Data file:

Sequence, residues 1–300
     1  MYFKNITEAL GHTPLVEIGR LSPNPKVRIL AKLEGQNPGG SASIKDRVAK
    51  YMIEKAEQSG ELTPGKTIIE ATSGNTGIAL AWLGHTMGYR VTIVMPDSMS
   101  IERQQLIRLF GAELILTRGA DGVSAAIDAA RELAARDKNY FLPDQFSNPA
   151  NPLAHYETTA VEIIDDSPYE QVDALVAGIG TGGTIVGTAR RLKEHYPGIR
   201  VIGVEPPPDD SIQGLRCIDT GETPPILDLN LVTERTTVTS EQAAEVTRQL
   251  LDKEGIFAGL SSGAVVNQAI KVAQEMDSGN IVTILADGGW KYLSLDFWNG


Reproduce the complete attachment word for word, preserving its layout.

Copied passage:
Sequence, residues 1–300
     1  MYFKNITEAL GHTPLVEIGR LSPNPKVRIL AKLEGQNPGG SASIKDRVAK
    51  YMIEKAEQSG ELTPGKTIIE ATSGNTGIAL AWLGHTMGYR VTIVMPDSMS
   101  IERQQLIRLF GAELILTRGA DGVSAAIDAA RELAARDKNY FLPDQFSNPA
   151  NPLAHYETTA VEIIDDSPYE QVDALVAGIG TGGTIVGTAR RLKEHYPGIR
   201  VIGVEPPPDD SIQGLRCIDT GETPPILDLN LVTERTTVTS EQAAEVTRQL
   251  LDKEGIFAGL SSGAVVNQAI KVAQEMDSGN IVTILADGGW KYLSLDFWNG